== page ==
According to a Wall Street Journal piece, 'Wealth-Less Effect: Earning Well, Feeling Otherwise' (April 16, p. A11) we are now supposed to shed tears and feel sorry for those making 250 grand or more per year, when millions have to line up for food stamps, or face foreclosure or losing their health coverage.
The basic proposition of the article is that wealth or rather "prosperity", is all relative. To quote:
"To a family earning $50,000, $250,000 a year is well off, but for the family earning $250,000, rising college and medical costs and dropping home values make the perception debatable"
Really? Says who? The family earning only $50,000 a year - which will be roughly $42,500 after taxes, also has to face rising medical costs. Indeed, because they have far less disposable income because they start out with so much less, they have far fewer options. Going to an ivy league college, for instance, is already foreclosed to their offspring unless they can get a full ride scholarship.
Meanwhile, the quarter mil family can garner even more disposable income simply by letting Junior go to a state school instead of Harvard, if s/he doesn't get the scholarship.
So the whole basis for comparison is false.
But then that depends on the definition of "well off", doesn't it? To me "well off" means that a person can, without desperate measures, live off half his income if need be. The changes made to their lifestyle, in other words, don't have to veer into the realm of food stamps, going to thrift shops or visiting food pantries. No $250,000 family need do those, since they can easily live off half their income (meaning half is disposable) if they have to.
Half their income would be $125,000 which after taxes (as currently pegged at marginal rates) is: $79, 375 which is still nearly TWICE the after-tax income of the family earning $50,000.
Again, this means they need not make drastic or draconian choices. (Possibly excepting re-financing a mortgage or moving to a lower cost home - and everyone ought to be simplifying or downsizing anyway!)
An even more glaring example in the article is the Duran family which earns $400,000 a year in Silicon Valley. According to Mr. Duran: "I am barely getting by". A hard sell to make to a guy in Miami whose just lost his job, his home and his health insurance, and is barely making it with food stamps and unemployment benefits.
Another family cited, the Parnells, only earned a measly $260,000 last year. As the article notes, "taxes, premiums for medical care and deductions for their 401k cut the gross to about $12,000 a month."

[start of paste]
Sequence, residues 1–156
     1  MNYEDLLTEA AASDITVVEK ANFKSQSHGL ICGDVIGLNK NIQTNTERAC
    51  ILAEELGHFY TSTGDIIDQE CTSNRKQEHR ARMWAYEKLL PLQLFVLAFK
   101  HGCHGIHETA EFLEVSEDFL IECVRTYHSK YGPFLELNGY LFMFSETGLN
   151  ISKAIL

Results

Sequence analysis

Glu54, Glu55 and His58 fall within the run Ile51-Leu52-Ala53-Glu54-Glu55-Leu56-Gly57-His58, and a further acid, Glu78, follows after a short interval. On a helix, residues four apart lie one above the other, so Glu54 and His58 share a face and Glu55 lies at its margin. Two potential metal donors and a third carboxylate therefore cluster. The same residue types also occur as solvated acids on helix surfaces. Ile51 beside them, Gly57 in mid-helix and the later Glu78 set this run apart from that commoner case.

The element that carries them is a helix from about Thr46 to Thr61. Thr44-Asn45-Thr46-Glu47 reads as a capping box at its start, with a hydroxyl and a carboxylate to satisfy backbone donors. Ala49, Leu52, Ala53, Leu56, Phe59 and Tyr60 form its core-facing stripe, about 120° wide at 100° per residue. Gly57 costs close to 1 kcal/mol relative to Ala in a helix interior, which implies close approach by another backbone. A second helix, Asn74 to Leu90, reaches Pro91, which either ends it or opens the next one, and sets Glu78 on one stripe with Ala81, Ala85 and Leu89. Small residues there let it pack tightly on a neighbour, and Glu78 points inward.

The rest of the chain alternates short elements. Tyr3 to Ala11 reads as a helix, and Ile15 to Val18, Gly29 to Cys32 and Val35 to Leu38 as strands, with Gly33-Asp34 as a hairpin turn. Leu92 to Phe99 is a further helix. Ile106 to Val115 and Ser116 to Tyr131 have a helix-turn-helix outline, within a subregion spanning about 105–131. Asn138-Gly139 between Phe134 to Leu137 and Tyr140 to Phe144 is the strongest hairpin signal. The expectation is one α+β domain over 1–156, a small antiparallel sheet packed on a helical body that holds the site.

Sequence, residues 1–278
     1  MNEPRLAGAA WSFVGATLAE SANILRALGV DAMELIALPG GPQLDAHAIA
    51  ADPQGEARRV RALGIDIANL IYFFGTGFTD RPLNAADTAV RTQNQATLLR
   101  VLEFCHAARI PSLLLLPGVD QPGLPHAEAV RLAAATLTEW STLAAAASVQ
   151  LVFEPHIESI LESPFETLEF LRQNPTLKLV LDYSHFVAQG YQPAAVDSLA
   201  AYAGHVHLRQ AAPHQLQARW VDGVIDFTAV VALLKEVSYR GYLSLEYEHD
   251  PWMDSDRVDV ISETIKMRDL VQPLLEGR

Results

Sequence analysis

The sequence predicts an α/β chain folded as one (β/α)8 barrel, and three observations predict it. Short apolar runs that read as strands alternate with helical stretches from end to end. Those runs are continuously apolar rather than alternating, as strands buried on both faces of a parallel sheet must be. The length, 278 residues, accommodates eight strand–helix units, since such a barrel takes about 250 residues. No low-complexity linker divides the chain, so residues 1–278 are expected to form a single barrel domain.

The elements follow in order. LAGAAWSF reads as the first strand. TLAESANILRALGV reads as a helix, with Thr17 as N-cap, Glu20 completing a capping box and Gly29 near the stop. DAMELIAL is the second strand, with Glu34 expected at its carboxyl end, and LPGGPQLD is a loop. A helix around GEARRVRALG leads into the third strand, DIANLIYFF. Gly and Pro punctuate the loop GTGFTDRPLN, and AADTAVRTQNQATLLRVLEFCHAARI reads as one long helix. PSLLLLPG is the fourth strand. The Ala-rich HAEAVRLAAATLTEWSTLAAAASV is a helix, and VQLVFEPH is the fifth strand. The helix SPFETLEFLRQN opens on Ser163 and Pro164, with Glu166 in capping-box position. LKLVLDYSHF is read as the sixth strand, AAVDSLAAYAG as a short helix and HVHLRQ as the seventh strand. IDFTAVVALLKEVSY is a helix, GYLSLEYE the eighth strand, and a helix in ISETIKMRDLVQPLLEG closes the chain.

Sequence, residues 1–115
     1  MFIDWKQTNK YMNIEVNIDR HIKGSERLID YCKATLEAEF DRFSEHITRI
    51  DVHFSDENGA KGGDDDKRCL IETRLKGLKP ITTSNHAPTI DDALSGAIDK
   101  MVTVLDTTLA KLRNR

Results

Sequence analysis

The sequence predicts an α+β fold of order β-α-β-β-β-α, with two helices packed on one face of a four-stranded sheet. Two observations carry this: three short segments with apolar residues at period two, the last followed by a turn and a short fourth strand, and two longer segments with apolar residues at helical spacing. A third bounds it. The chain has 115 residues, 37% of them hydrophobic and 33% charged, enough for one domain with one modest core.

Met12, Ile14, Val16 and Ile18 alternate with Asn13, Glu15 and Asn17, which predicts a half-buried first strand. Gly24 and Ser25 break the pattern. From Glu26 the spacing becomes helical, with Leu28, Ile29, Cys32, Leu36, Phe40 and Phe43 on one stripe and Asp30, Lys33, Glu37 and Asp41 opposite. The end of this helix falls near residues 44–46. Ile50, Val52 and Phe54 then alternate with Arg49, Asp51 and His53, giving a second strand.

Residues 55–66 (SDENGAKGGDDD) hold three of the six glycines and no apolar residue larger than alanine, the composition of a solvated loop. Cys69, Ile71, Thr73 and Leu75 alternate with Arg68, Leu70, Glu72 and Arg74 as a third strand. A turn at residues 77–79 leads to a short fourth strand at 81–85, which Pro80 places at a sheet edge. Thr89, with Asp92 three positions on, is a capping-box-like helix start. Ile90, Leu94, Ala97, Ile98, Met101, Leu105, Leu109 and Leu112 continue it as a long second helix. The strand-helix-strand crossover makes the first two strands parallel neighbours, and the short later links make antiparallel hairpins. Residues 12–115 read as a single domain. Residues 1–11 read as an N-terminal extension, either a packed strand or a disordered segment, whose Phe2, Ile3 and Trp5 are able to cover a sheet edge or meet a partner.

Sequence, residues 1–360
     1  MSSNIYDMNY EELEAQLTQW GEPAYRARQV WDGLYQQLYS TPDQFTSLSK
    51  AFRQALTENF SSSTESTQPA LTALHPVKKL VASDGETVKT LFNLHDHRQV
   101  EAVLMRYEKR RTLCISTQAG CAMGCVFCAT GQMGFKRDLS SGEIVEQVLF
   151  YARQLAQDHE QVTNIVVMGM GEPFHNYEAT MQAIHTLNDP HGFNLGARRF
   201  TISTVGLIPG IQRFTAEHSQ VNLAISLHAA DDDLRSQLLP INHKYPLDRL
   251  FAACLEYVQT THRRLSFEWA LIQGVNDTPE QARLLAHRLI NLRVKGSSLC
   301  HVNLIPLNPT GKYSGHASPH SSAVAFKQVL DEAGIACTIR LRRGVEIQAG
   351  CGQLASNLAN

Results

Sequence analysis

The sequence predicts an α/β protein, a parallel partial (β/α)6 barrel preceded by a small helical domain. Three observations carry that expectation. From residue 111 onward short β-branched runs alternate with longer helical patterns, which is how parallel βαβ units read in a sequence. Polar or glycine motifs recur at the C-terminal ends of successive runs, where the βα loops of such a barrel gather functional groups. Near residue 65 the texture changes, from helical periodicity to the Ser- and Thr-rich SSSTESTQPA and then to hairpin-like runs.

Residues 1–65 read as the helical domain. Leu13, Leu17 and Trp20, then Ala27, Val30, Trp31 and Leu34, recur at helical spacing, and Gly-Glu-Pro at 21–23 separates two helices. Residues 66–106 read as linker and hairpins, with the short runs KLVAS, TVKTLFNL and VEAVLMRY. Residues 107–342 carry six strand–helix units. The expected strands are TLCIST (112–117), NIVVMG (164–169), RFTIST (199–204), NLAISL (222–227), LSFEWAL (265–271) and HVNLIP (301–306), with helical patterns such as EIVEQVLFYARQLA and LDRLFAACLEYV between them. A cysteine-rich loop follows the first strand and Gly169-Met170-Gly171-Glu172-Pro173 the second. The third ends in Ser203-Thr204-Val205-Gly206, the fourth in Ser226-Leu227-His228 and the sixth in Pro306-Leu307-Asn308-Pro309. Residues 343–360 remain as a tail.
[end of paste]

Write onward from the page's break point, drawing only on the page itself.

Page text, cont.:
The poor little Parnells are left with "just over $1200 each month" disposable income, after they shell out for their mortgage ($4000 a month), college funds, and $1,300 to their church.
I am thinking here, $1,300 to a church? Reduce that to just $300 (which is still $3600 a year) and you have $2200 a month left over and no more whining! No church should be getting that much per month unless they are using it to directly feed and house homeless people.
All of this discloses how skewed and mangled the wealth concept is in the U.S.
That is, people making hundreds of thousands of dollars a year are professing some hurt, while low wage earners can't make ends meet because they aren't paid a living wage.
As the author of 'Nickel and Dimed' - Barbara Ehrenreich, noted, working at Walmart didn't even help her pay both food and rent at a dump motel. She had to go on food stamps to survive. (At least with that one 40 hr. job). There is a real moral problem here too, since without a living wage, economic warfare is all that remains- with each little person fighting and struggling against each other little person for survival.
Another point: why should the wealthy be exempt from the so-called financial 'laws' of nature? When most of them (94% by Michael Parenti's reckoning, in his 'The Dirty Truth') achieved their wealth not via labor or even competition in a labor market but via inheritance. How come a fluke of luck in life's draw enables them not to have to suffer, and work long hours at two or more jobs, but not the rest?